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Posts posted by axial_al

  1. 58 minutes ago, KWRB said:

    There are so many options for this one. The best one that comes to my mind is this

    "... And tell those lazy fruit farmers NOT TO CUT THE DAMN SHEET METAL on their orchard tractors"


    And don’t cut air filter holes in the hoods on 66 and 86 series!

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    • Thanks 1
  2. A1687A8F-BF75-4C11-81C1-87B833DB9055.jpeg.fdcb7df4ef4f7466f94f6b047c6a0762.jpegAccording to a picture I found in an old gun traders guide I believe the shotgun to be a Stevens model 620 or a variant made by them for some other company or hardware line.  The guide says they were made from 1927 until 1953.  The shape of the receiver extension where the barrel attaches us kind of unique.  

    • Like 1
  3. On 11/29/2021 at 7:39 AM, Diesel Doctor said:

    The Massey's had a third sieve that made them clean the grain really well.


    It was called a triple cascade shoe.  I worked for a neighbor who bought a new 510 in 1968 and we took it to Oklahoma and followed the harvest North back to South Dakota.  My understanding was 68 was the first year for the triple sieve setup and it worked great in ideal conditions, but when the selves were overloaded, too much air would escape out the gaps between the seives and you would get a lot of junk in the tank.

    the 510 was a good reliable machine…..far more so than the 550 I owned later.  Eventually that got replaced with a 1640.  Thought I died and went to heaven!

    • Like 1
  4. My memory of plowing with my grandfathers WD was having the hand clutch snap back into your shin if you hit a rock.  That was their rock protection in lieu of trip beams or a spring hitch disconnect.  Miserable, dirty little thing compared to an M.  They really had a snappy governor though.

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  5. I sold a 555 IH cutter on a consignment auction for $300.  They were the last in the cut and throw line that included the 50, 55, and 550.  As far as parts are concerned I don’t think anything is available any more.  Knives and shear bars are high wear items and if it was never replaced, the spout and cutting chamber floor sheet can get pretty thin.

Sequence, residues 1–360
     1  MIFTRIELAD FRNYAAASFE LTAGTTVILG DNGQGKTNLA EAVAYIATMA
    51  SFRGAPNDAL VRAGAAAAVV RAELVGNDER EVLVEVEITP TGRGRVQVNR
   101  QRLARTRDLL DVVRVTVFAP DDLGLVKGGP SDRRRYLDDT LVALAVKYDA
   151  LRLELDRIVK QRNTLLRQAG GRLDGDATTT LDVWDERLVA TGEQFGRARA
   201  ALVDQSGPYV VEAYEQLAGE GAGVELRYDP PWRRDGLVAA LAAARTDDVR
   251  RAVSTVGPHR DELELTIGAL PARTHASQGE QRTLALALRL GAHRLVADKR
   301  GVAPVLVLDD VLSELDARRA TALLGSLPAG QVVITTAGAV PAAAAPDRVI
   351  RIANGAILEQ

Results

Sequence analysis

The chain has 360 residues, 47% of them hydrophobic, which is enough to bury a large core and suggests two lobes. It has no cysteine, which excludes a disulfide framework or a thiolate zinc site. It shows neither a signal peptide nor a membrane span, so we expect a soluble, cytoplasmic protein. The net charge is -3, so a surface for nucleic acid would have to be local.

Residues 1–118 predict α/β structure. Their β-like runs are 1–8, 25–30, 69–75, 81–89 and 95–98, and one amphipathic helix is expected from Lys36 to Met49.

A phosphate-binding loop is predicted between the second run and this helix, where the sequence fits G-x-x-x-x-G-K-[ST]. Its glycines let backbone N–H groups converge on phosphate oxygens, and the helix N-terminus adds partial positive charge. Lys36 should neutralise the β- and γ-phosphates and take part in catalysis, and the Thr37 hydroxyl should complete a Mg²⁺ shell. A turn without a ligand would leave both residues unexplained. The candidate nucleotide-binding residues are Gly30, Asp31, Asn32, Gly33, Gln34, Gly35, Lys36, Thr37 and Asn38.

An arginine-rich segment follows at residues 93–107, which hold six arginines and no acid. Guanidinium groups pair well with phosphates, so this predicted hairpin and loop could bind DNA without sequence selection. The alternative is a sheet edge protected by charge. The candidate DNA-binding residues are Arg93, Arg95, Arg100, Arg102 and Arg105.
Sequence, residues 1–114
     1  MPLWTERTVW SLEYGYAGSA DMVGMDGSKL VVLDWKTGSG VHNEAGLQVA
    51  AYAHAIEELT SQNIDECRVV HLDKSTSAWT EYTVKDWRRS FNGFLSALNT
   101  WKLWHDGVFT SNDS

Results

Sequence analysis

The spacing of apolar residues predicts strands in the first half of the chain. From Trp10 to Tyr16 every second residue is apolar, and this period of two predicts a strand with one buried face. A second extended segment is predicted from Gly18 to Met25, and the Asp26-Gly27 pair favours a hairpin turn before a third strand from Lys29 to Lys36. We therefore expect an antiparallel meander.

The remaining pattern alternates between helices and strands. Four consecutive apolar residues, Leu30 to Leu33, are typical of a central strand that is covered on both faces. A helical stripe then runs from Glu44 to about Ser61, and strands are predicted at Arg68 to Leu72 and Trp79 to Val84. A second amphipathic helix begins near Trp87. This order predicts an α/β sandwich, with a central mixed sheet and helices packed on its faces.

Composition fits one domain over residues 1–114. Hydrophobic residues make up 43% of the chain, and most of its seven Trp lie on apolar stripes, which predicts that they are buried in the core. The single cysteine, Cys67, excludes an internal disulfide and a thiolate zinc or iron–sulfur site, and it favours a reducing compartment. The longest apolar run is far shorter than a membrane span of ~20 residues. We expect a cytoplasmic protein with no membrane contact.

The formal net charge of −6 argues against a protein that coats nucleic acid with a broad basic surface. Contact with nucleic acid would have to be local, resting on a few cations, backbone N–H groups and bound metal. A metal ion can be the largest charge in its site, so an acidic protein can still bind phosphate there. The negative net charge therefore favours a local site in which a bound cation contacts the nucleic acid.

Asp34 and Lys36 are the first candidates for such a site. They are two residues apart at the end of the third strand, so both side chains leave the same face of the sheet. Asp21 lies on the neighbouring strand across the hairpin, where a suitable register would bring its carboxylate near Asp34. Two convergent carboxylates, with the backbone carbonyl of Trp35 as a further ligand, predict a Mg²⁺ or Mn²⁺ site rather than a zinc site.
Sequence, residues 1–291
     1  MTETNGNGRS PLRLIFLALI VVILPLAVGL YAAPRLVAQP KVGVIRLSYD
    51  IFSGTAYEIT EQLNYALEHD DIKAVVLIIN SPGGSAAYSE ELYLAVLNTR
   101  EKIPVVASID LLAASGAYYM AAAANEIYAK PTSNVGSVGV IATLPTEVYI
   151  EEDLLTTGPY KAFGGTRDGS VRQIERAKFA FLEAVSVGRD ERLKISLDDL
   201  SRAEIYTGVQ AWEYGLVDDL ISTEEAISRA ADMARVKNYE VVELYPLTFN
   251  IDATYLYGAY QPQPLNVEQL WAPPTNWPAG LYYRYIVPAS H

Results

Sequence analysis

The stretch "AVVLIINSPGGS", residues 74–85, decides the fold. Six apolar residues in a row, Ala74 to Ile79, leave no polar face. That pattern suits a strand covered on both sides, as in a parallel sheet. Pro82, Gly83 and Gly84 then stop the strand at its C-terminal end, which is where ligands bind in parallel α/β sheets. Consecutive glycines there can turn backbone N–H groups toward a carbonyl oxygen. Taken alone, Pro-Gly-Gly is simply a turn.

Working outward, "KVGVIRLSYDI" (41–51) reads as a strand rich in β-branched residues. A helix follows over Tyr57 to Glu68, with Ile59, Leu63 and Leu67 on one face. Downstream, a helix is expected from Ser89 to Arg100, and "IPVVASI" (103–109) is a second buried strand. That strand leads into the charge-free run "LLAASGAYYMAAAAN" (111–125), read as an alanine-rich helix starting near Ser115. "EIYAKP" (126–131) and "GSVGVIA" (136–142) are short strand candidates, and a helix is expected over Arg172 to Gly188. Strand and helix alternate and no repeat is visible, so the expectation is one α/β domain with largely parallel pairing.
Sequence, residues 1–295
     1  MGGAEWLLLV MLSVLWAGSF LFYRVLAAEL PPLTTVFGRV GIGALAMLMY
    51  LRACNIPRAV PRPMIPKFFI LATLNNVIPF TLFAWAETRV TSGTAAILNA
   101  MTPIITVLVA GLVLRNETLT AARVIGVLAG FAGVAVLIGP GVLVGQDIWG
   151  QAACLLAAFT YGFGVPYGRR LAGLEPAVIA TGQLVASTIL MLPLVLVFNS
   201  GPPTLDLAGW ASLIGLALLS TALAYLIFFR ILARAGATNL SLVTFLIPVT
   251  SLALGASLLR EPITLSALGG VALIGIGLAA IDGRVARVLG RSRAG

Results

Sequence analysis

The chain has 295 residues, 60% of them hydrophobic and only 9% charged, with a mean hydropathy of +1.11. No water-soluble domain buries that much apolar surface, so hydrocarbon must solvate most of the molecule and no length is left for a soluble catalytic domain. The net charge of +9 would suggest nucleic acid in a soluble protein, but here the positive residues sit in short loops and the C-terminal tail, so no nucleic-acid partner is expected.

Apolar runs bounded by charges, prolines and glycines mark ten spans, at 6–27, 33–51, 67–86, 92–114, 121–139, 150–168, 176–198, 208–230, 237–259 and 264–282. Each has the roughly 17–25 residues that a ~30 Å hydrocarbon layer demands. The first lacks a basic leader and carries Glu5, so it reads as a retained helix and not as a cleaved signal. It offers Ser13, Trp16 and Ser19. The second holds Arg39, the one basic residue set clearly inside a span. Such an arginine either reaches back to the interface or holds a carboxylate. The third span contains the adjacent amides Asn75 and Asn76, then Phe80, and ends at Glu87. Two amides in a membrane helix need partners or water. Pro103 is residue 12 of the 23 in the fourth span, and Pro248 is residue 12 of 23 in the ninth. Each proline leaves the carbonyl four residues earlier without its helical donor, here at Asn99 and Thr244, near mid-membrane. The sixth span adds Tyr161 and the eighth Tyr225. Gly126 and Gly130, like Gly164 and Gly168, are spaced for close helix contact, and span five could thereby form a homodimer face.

One that has been outside will probably have rusted gathering chains and sprockets.

    if you could find one that was used little and stored inside, they are reliable and do a good job.  Good luck.

  6. The M&W governor is cool.  Also I noticed the wheel weight is bolted on a quarter turn off making it hard to put a wrench on the axle adjusting bolts.  I have a 400 my wife’s dad bought new and then put a 450 fast hitch on.  I remember the local IH dealer putting larger belly type fuel tanks in 400’s under some type of factory program.  The original fuel tank was waaay too small.  They are a very handy tractor to have around and I hope your friend is able to get it going.

  7. The 312 in my Dad’s 1957 Ford Fairlane had “Thunderbird Special” decals on the valve covers.  They weren’t FE motors, but called Y blocks.  The FE motor first appeared in 1958 as a 332 cid, 1959 as 352 and then the 390 in 1961.  I think the 390 tri power with three deuces was a factory option in 1963 and was called the M code in the Thunderbird.  My 1964 T Bird has a 390 with single 4 barrel rated at 300 horsepower.  Outside of supercharged 312’s in 1957 thunderbirds, I don’t know of anything different about the Thunderbird FE’s.  Beginning in 1961 there was a high performance 390 that had solid lifters and other special pieces that mainly found their way into police cars.

    I can’t recall any FE’s with “Thunderbird Special “ designation, but someone will probably dispute that.

  8. Not sure if the 1660 works the same as my 2366 or not, but the 23 has to be raised enough going around the end for a whisker switch mounted at the feeder house pivot point on the left side to dis engage the tracker and allow the centering potentiometer to do its thing.  Good Luck.

  9. There are a lot of variables to air drying corn.  Does your bin have a stirring device?, how wet is the corn?, how long do you want to store it and on and on.  With 90% humidity it is going to take a long time to dry it down with air alone.  I have shut the fan off at night on my bins that have stirators.  Don’t shut the stirator off though with wet corn in the bin because it can be very hard to start it again!  Sometimes you can freeze the corn with wintertime air and continue drying in the Spring.  The county extension agents have tables to advise how long corn will keep at various moisture levels.  Good luck.

    • Like 1
  10. 5 hours ago, Craig61019 said:

    What color are the wagons and what are they being pulled by😎

    Ha.  Green Demco’s being towed by a MX 120.  The MX has pretty good brakes.  Thanks for the responses.  Have a safe harvest everyone!

    • Haha 1
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